|The first excerpt represents the past or something you must release, and is drawn from The Master of Ballantrae by Robert Louis Stevenson:
recover his command upon himself.
"To Albany?" said he, with a good voice.
"Not short of it, at least," replied Sir William. "There is no
safety nearer hand."
"I would be very sweir (11) to return," says my lord. "I am not
afraid - of Indians," he added, with a jerk.
"I wish that I could say so much," returned Sir William, smiling;
"although, if any man durst say it, it should be myself. But you
are to keep in view my responsibility, and that as the voyage has
now become highly dangerous, and your business - if you ever had
any," says he, "brought quite to a conclusion by the distressing
|The second excerpt represents the present or the deciding factor of the moment, and is drawn from Flatland: A Romance of Many Dimensions by Edwin A. Abbot:
On this point the defence of the Square seems to me to be impregnable.
I wish I could say that his answer to the second (or moral) objection
was equally clear and cogent. It has been objected that he is
a woman-hater; and as this objection has been vehemently urged
by those whom Nature's decree has constituted the somewhat larger half
of the Spaceland race, I should like to remove it, so far as I can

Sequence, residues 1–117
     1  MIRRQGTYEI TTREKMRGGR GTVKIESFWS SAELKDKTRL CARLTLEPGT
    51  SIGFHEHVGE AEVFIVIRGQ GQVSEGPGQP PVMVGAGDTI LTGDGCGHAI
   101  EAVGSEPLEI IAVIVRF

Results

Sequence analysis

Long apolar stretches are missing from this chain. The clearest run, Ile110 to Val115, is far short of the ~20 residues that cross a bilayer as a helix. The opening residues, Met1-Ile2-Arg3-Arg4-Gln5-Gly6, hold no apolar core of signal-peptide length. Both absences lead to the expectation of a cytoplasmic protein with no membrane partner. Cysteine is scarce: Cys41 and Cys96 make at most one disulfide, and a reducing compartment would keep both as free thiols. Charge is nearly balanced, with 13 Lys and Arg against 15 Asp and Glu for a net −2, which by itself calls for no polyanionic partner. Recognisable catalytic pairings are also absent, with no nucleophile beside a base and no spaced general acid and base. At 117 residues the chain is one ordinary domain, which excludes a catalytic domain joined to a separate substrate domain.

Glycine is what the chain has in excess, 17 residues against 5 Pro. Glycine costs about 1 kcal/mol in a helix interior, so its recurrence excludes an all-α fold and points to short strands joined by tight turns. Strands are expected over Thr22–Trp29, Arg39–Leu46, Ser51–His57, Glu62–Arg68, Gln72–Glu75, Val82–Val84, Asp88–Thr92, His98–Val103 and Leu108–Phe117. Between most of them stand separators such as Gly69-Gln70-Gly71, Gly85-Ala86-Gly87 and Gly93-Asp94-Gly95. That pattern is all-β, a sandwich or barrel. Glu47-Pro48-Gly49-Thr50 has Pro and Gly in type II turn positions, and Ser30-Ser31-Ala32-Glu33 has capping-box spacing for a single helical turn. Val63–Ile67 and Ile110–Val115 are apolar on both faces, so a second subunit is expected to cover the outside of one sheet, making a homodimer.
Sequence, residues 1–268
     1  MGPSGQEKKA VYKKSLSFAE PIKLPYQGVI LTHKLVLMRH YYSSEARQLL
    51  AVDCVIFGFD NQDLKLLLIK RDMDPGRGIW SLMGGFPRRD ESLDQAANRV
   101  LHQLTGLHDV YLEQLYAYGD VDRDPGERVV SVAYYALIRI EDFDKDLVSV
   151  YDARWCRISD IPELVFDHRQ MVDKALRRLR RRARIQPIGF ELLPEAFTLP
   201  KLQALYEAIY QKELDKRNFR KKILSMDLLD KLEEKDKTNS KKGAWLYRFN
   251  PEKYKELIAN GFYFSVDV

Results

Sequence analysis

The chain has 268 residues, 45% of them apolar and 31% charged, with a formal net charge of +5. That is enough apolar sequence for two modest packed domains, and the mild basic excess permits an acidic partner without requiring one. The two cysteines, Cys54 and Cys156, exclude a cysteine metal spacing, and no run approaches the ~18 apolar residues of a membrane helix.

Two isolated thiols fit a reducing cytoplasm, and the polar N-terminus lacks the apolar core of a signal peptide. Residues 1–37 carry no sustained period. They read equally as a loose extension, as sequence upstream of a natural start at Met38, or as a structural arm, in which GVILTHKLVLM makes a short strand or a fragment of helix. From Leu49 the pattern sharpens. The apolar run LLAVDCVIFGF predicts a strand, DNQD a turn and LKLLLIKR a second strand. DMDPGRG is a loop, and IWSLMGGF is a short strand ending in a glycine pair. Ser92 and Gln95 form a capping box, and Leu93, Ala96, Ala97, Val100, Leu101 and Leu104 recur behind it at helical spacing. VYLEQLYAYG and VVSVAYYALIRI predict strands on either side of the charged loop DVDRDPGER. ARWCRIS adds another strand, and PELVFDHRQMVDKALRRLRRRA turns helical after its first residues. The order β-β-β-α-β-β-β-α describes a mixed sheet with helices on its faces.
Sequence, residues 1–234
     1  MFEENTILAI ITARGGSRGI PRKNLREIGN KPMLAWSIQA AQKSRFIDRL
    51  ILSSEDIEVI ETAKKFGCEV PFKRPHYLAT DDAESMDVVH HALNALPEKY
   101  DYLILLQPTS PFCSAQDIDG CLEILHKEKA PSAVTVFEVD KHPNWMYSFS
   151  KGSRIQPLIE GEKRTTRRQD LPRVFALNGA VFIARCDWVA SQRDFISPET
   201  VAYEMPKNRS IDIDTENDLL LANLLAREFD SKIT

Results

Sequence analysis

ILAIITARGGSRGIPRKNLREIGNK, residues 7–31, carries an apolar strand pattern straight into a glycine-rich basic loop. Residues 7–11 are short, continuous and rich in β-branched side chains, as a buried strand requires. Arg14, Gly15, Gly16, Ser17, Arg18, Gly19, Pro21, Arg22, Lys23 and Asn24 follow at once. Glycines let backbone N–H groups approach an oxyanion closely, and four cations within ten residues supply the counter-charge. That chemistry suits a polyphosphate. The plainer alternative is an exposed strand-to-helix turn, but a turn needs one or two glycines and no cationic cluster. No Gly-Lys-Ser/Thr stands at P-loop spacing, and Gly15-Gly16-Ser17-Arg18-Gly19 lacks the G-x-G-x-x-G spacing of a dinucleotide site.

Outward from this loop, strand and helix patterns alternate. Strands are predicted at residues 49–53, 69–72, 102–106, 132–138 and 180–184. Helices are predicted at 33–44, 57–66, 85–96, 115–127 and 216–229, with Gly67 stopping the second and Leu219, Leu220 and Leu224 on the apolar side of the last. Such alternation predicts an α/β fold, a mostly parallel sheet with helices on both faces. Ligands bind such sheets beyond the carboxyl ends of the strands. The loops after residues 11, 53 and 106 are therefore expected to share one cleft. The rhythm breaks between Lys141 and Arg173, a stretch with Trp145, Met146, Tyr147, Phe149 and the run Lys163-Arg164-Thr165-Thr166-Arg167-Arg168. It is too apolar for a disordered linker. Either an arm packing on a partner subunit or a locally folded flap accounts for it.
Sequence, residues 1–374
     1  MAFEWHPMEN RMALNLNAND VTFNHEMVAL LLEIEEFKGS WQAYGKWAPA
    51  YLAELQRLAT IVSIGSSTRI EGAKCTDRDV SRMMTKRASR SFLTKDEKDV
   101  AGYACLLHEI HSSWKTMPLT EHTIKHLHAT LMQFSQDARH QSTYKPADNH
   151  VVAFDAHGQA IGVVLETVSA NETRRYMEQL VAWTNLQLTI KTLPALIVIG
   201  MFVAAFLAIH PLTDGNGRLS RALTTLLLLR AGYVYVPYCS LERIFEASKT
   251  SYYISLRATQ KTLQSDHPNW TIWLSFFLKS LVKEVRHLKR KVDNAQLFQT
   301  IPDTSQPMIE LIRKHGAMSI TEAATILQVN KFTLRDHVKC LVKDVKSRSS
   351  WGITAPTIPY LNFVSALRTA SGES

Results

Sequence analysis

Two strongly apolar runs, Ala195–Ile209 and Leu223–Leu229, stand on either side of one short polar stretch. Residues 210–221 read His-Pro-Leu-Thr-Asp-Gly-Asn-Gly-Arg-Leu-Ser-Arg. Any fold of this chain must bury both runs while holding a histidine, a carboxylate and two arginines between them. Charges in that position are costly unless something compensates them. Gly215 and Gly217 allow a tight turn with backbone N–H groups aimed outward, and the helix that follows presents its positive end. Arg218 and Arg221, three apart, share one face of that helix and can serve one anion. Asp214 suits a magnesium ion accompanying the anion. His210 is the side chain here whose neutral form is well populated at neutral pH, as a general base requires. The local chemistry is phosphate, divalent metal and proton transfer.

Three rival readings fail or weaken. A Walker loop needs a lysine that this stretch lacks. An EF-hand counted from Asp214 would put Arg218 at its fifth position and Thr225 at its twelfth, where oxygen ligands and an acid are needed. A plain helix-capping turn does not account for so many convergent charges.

honestly do so. But the Square is so unaccustomed to the use
of the moral terminology of Spaceland that I should be doing him
an injustice if I were literally to transcribe his defence against
this charge. Acting, therefore, as his interpreter and summarizer,
I gather that in the course of an imprisonment of seven years
Flatland: A Romance of Many Dimensions
|The third excerpt represents the future or something you must embrace, and is drawn from A Lover's Complaint by William Shakespeare:
O most potential love! vow, bond, nor space,
In thee hath neither sting, knot, nor confine,
For thou art all, and all things else are thine.
'When thou impressest, what are precepts worth
Of stale example? When thou wilt inflame,
How coldly those impediments stand forth,
Of wealth, of filial fear, law, kindred, fame!
Love's arms are peace, 'gainst rule, 'gainst sense, 'gainst
And sweetens, in the suffering pangs it bears,
The aloes of all forces, shocks and fears.